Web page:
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Monday, August 26, 2019

Ferdinand Piëch, Former Volkswagen Group Chairman, Has Died

The iconic Volkswagen Group chairman Ferdinand Piëch died on Sunday, August 25, at age 82, Bloomberg News reported this afternoon. His tenure at VW was marked by the acquisition of Porsche, the rise of Audi's Quattro all-wheel-drive system, and the transformation of Volkswagen from a money-losing company to the pinnacle of the world's auto industry.

Piëch, a grandson of Ferdinand Porsche, trained as an engineer at the Swiss Federal Institute of Technology and then joined Porsche in 1963, becoming head of R&D five years later and technical director in 1971. The Porsche and Piëch families then agreed that no family member could be an executive at the company, so he moved to Audi and Volkswagen. Piëch was behind the inclusion of Lamborghini, Bentley, Bugatti, and Ducati motorcycles in the VW portfolio.He is credited with coalescing them along with a group of mass-market brands into a formidable automotive power.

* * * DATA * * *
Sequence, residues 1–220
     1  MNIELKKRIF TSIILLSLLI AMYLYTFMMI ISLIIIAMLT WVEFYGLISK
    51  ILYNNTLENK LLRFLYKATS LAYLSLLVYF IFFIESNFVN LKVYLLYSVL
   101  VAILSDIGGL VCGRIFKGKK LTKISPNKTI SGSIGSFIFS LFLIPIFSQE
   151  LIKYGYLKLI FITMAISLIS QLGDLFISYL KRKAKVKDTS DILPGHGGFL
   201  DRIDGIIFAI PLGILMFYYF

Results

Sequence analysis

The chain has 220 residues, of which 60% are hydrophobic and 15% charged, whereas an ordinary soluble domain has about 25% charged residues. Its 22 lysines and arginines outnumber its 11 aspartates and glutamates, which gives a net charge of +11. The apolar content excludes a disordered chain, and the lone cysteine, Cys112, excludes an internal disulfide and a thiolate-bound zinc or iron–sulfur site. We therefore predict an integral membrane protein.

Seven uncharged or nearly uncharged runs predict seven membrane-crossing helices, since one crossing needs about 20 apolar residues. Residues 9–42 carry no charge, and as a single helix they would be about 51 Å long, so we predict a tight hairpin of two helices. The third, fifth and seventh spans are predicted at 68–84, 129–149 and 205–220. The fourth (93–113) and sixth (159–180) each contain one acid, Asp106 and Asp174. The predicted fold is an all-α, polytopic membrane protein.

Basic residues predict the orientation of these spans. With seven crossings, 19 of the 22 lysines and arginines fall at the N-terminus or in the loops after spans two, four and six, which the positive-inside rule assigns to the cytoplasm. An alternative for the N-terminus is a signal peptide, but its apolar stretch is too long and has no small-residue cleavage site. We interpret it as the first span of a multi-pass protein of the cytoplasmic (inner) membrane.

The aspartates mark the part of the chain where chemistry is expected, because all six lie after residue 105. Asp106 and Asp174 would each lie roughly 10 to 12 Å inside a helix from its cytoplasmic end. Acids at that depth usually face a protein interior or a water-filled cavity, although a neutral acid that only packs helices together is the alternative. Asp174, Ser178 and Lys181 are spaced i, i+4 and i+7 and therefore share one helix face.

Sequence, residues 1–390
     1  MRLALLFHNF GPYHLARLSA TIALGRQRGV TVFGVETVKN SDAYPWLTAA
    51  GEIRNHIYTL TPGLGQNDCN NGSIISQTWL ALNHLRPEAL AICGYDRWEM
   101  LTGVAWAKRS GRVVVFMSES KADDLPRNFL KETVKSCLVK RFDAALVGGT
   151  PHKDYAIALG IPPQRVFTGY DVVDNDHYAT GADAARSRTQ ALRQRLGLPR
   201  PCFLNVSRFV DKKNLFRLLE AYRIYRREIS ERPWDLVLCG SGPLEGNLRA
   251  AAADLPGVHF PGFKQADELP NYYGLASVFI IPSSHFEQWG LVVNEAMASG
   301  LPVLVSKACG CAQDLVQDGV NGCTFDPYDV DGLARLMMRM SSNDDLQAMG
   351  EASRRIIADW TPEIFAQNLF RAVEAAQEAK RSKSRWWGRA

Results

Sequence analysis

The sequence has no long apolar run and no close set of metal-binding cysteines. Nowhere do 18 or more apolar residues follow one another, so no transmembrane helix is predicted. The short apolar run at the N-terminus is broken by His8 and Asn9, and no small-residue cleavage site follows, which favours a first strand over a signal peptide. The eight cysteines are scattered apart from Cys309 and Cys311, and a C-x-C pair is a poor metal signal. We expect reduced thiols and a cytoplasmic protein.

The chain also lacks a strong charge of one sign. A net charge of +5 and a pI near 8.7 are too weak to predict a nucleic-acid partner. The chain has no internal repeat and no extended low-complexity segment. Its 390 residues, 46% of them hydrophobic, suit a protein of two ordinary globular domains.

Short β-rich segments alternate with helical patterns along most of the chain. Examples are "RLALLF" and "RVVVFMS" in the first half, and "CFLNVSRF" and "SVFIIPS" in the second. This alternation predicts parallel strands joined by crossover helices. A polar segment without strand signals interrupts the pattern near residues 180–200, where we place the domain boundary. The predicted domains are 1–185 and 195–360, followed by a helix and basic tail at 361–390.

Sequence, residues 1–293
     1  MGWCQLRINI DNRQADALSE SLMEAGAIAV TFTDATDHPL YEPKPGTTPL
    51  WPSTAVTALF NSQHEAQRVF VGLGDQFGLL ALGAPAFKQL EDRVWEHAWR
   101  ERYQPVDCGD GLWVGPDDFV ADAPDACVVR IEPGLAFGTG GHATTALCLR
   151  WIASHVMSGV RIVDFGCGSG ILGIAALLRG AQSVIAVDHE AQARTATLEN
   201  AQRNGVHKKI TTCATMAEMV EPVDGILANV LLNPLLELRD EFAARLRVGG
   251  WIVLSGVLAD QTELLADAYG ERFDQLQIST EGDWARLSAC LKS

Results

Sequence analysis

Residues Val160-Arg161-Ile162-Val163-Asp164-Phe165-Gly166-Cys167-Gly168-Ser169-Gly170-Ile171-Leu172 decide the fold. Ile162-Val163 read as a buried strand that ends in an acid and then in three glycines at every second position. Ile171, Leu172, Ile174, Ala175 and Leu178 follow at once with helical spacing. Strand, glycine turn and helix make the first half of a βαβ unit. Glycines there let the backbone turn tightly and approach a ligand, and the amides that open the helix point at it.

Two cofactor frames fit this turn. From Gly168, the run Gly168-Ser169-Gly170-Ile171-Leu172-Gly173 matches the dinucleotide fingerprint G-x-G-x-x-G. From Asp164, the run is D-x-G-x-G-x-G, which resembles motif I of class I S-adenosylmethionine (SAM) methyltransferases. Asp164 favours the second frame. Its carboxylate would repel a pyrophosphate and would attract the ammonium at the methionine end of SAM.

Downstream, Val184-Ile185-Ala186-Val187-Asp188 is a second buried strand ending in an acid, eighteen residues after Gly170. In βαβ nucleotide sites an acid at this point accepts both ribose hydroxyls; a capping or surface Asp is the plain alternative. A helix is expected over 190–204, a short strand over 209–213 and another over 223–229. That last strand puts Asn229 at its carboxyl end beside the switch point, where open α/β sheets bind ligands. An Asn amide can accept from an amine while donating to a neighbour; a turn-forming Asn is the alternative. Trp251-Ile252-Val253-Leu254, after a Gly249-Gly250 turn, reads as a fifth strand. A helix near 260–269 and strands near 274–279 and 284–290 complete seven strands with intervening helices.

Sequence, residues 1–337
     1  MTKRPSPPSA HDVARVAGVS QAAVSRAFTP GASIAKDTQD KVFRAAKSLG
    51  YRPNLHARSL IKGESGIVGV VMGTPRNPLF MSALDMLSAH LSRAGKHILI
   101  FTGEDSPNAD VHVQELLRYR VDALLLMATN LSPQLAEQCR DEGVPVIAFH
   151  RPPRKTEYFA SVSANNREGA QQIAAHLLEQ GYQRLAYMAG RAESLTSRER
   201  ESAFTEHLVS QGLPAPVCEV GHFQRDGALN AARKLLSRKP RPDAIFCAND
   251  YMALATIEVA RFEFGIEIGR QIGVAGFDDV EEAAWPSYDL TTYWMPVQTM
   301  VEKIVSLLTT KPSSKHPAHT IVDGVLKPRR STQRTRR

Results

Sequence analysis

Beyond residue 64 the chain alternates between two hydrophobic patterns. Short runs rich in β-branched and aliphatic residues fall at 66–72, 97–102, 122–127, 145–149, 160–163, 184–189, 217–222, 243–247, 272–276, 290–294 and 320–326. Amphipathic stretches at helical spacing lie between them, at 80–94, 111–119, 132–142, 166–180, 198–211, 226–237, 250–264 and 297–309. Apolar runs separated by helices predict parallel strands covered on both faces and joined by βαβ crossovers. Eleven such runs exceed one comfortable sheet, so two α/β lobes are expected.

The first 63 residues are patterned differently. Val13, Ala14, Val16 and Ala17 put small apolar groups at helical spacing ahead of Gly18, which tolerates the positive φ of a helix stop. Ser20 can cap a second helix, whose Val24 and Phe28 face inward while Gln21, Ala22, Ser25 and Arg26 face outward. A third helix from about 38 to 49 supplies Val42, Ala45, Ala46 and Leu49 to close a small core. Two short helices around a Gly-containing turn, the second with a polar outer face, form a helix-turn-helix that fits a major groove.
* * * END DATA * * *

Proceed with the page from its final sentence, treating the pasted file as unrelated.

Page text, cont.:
But he wielded power in a way that did not always bear fruit. His leadership style amounted to, as the German publication Handelsblatt described it, "the life of a warrior," and although he remained on the company's supervisory board after mandatory retirement at age 65, he fell out with the company in the spring of 2015, just before news of Volkswagen's devastating Dieselgate scandal came to light.

Handelsblatt wrote at the time that he became "something like a grand war memorial that the world looks upon with respect, but also with a sense of loss."

Neither Volkswagen nor Porsche has issued a statement at this time. We will update this story with more details as they become available.

By: Car and Driver

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